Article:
• Find alternatives. Once you know how you sabotage yourself, you can find more constructive ways to relate to others.
  • Rehearse new behavior. Therapy is a safe place to practice new behavior until it becomes natural for you.

SEE AND SUCCEED:

Your mind can be a powerful ally in making changes. Creative visualization is a proven technique for harnessing your subconscious to help you reach your goals.

 In creative visualization, you imagine and rehearse an event in your mind (somewhat like a deliberate daydream). However, visualization is much more concrete and detailed, with images being carefully created using a step-by-step approach.

 To use creative visualization:

  1. Relax with deep breathing.
  2. Recall a happy time in your life.
  3. Imagine what you want to achieve, such as a terrific presentation to your boss. Begin by visualizing the moment you walk in the room, and make the vision as real and detailed as possible, ending with your boss’ praise.

The keys to successful visualization are to be very specific and to practice often. In time, it will work!

 MANAGING CHANGE:

 All changes – even positive ones- present a challenge to our coping skills. These guidelines can help you manage the changes you make:

  •  Know Yourself – Make changes that reflect your feelings and values. Family, friends or employers can give you ideas, but for changes to be permanent, they must be something that you want.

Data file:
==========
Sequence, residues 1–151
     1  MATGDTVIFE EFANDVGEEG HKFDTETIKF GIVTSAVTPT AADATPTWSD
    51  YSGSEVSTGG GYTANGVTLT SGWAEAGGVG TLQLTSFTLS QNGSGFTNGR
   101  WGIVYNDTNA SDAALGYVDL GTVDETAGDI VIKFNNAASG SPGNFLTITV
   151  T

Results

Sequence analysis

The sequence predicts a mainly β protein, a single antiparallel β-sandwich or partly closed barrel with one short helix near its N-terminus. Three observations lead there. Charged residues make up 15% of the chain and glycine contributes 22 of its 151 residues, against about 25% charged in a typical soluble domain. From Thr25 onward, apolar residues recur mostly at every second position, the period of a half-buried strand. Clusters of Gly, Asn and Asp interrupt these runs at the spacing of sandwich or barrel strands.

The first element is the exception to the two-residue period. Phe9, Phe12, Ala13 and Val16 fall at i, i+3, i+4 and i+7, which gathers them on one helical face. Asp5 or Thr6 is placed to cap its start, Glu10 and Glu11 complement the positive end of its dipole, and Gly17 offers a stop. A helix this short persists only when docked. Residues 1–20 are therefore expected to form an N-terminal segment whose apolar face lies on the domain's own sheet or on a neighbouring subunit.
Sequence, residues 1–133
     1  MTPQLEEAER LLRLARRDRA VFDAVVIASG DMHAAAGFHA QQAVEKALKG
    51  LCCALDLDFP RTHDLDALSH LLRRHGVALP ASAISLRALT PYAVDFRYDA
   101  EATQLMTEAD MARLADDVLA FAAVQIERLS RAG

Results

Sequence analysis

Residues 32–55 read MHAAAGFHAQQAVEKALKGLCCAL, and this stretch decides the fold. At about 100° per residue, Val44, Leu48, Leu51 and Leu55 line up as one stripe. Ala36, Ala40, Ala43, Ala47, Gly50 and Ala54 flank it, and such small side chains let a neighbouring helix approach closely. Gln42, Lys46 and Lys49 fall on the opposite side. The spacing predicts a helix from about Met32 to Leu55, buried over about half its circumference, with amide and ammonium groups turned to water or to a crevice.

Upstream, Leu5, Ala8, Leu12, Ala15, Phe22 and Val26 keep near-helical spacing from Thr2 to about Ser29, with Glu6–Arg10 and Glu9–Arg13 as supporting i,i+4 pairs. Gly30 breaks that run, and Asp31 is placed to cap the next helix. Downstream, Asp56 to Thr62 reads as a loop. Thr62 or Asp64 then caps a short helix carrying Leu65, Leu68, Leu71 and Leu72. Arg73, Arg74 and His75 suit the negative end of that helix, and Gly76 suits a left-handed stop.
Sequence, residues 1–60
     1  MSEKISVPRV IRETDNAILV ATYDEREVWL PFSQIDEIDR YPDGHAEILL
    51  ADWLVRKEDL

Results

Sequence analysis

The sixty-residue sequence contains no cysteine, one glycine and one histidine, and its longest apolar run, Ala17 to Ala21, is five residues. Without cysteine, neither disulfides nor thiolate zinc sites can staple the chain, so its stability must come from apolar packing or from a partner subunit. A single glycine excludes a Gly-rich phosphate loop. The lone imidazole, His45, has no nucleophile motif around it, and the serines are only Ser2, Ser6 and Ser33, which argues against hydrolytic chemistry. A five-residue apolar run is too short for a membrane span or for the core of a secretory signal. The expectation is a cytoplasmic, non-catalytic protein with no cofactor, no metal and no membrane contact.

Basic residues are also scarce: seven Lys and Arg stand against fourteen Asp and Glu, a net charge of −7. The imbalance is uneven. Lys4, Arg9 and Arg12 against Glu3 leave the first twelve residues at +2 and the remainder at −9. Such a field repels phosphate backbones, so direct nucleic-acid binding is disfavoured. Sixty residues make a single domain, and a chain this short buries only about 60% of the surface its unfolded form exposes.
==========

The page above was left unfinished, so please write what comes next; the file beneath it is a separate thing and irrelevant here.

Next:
• Examine The Past- Review the last few personal goals you have set. Identify what helped you meet them; also note what didn’t work. This will give you a good idea of which tactics work for you and which don’t.
  • Think Positively – Focus on the rewards your change will bring you, such as new friendships or better health. Anticipate small setbacks, and view them as a normal part of your progress, rather than failure.
  • Stay Active- Fill time left by abandoning old habits and replacing them with new, interesting pursuits. Take the class you’ve always wanted to, start the project you’ve been putting off, or join a new social group.
  • Share FeelingsCommunicate with those close to you. Often, changes are accompanied by conflicting emotions. By sharing them, you make yourself feel better and help those around you to understand what you’re going through.

Latest News:  We are pleased to congratulate the original founders of The Center For Psychotherapy:  Barbara Metz, PhD and Peter Wohlwend, M.Div.,  on their recent and well-deserved retirement July 1, 2014!    Location:  We are located in a historic home at 912 North Elm Street in the Fisher Park section of Greensboro, North Carolina. (Near the intersection of N. Elm and Bessemer Ave.)  The Center has a relaxed and inviting atmosphere designed to make our clients feel safe and at ease. We have ample parking and are on the Greensboro City bus line. Contact information: Mailing address:  912 North Elm Street, Greensboro, NC 27401 Phone:  (336) 274-4669 Fax:  (336)- 274-4749 Email:  thecenter5@mindspring.com